Interview about wikis for tech doc with Dee Elling of CodeGear

While researching my STC Intercom article about wikis and technical documentation to be published in a few months, I interviewed Dee Elling via phone and email because she left a helpful comment on my talk.bmc.com blog entry about a DITA and wiki combo. Dee’s the manager of the documentation group at CodeGear and she blogs at http://blogs.codegear.com/deeelling/.

Anne -What are some of the factors for selecting a wiki software package?
Dee -I’ve encountered hesitation from some writers about using a markup interface. Many writers preferred a Word-like GUI interface, such as Confluence provides. Another consideration is cost, since there is not always a budget for new systems; at CodeGear we use MediaWiki. Primarily we manage internal information such as schedules and doc plans; lately we are collaborating with engineers to write FAQs and release notes.

At my previous employer, one engineering team was writing the documentation themselves on the wiki (using outlines provided by the writer), and the writer cleaned it up and converted it to PDF for distribution with the product. That is a great use case which I believe could seed the adoption of wikis into the documentation process, especially in companies where there are limited doc resources.

At CodeGear I can post copyrighted material to our Developer Network. The Developer Network technology allows comments on postings, which is not the same as wiki but a good start. Since joining, I have started to post traditional doc content as “articles” there. I’ve already fixed a few doc issues due to rapid customer feedback! We are also working on a design to make the website interface more wiki-like.

Anne -How do you get legal approval for such an open-edit site?
Dee -At my previous company I never got to the stage of implementing a public wiki. However I had many discussions about the legal aspects elated to the product documentation. The legal aspects seem complex, but lawyers can write new terms for new situations.

At CodeGear the issue will involve intellectual property, but the user base is so active on the internet that there are few “secrets”. More important will be the issue of releasing information too soon or otherwise getting in trouble with SOX compliance. (That makes my head spin!)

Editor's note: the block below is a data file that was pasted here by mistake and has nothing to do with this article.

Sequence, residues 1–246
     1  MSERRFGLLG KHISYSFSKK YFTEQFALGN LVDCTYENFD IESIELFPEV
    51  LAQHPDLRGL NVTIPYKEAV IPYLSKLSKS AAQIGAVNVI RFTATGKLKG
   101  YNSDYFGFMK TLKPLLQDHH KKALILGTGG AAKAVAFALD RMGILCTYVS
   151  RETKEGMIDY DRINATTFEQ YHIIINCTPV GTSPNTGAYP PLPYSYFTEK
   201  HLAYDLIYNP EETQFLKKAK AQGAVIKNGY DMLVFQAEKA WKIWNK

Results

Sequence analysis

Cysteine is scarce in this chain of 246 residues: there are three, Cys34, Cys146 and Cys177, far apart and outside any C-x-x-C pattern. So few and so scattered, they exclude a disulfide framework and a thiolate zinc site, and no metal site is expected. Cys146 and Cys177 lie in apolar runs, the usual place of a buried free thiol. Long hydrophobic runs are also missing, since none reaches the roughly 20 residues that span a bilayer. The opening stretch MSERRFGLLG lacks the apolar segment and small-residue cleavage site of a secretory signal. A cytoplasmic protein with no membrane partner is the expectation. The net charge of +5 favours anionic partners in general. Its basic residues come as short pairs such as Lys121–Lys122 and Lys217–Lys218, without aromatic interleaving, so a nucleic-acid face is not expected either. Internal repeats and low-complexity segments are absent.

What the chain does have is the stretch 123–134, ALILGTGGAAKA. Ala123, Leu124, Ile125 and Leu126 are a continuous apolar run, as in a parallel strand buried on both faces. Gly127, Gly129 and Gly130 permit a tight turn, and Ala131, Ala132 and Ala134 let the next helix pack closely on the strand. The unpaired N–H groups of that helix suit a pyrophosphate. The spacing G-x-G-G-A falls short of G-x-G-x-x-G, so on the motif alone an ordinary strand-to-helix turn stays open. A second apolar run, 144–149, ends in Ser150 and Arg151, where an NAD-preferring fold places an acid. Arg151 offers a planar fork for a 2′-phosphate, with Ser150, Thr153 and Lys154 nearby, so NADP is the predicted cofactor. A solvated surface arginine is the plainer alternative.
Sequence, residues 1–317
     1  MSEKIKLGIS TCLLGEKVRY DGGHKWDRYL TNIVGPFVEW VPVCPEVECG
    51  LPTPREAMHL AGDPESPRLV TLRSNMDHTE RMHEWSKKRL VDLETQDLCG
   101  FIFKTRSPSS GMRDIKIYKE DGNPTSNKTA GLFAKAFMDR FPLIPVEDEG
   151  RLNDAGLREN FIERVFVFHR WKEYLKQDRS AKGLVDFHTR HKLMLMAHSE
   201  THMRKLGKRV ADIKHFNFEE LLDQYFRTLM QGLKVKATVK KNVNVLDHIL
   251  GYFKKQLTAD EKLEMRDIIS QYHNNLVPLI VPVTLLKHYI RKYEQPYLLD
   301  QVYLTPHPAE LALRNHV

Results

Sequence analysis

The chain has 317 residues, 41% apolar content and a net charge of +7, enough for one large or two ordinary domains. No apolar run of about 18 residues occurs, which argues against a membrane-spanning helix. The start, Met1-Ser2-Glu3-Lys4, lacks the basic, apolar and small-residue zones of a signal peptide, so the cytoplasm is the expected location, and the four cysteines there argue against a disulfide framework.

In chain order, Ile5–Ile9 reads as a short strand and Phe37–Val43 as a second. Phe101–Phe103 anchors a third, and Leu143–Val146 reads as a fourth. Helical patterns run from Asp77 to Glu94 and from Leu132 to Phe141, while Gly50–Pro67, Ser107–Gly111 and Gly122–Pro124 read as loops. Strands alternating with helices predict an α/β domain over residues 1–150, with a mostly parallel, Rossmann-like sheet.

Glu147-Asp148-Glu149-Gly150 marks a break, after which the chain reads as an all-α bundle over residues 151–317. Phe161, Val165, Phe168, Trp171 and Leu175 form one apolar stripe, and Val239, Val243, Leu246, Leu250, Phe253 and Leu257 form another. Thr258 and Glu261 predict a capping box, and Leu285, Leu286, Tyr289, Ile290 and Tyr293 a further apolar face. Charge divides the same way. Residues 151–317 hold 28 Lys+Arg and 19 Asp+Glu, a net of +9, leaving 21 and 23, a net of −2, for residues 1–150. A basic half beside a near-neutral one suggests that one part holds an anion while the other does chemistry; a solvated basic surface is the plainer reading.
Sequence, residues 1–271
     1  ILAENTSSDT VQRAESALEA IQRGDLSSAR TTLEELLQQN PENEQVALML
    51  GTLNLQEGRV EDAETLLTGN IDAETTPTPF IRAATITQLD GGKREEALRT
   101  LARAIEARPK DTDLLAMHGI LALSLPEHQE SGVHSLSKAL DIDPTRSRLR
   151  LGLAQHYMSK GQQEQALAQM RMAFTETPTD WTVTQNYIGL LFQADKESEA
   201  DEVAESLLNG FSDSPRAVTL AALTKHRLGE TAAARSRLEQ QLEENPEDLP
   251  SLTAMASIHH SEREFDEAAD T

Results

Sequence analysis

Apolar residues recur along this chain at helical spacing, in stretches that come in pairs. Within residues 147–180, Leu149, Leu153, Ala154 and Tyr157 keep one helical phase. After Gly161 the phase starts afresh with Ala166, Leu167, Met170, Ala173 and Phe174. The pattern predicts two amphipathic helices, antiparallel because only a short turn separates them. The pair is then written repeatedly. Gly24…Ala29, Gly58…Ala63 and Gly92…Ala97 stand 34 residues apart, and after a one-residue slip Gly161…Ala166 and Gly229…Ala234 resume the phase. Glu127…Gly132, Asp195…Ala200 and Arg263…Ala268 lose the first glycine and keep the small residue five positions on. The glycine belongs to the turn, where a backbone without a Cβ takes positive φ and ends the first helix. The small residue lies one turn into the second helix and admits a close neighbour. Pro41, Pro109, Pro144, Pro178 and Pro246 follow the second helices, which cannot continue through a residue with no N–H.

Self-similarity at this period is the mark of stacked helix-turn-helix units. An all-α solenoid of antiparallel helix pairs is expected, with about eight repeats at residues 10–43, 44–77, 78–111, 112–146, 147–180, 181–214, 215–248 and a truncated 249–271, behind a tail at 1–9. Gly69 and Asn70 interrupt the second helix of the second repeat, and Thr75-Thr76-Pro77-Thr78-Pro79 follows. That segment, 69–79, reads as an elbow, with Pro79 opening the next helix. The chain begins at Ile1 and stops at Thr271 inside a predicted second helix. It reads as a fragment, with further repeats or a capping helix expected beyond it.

Anne -What are the considerations when choosing where the wiki is hosted?
Dee -Cost and reliability are factors, but most important is buy-in from the IT department, who would likely manage the hosting.

Anne -Which types of products are best targeted for a wiki?
Dee -Complex software products are a good example. There is so much flexibility in software and product documentation cannot cover every use case. The wiki lets customers add content that is relevant to their own use cases, and that will benefit others.

Anne -How can you encourage your users to contribute?
Dee -Keeping up a dialog with the customers is helpful. If you respond to them, a dialog develops, and they are more likely to contribute again.

Anne -What are some of the success factors for the wikis that contain
technical documentation?
Dee -Does it result in more positive feedback from customers? Do customers help each other and contribute to strengthening the installed base? Does it increase product visibility and mindshare in the market? Is it perceived as a strategic advantage over competitors? Does it cut down on tech support phone calls?

Anne -What traps should be avoided?
Dee -The trap of not responding or not paying attention. Writers must diligently track the “living documents” they have created, and they must truly collaborate. If customers contribute and their contributions go unrecognized, they may think that the company is not fully supporting them.

Public wiki documentation must be actively managed and that takes more writer effort than in the past, when documents were forgotten as soon as they went to manufacturing. Contrary to the fear that with wikis you don’t need writers anymore, I believe that with wikis the role of the writer will grow.

Thanks so much for your help, Dee, and for sharing your experience with all of us who are interested in the best ways to harness the power of wikis for end-user doc.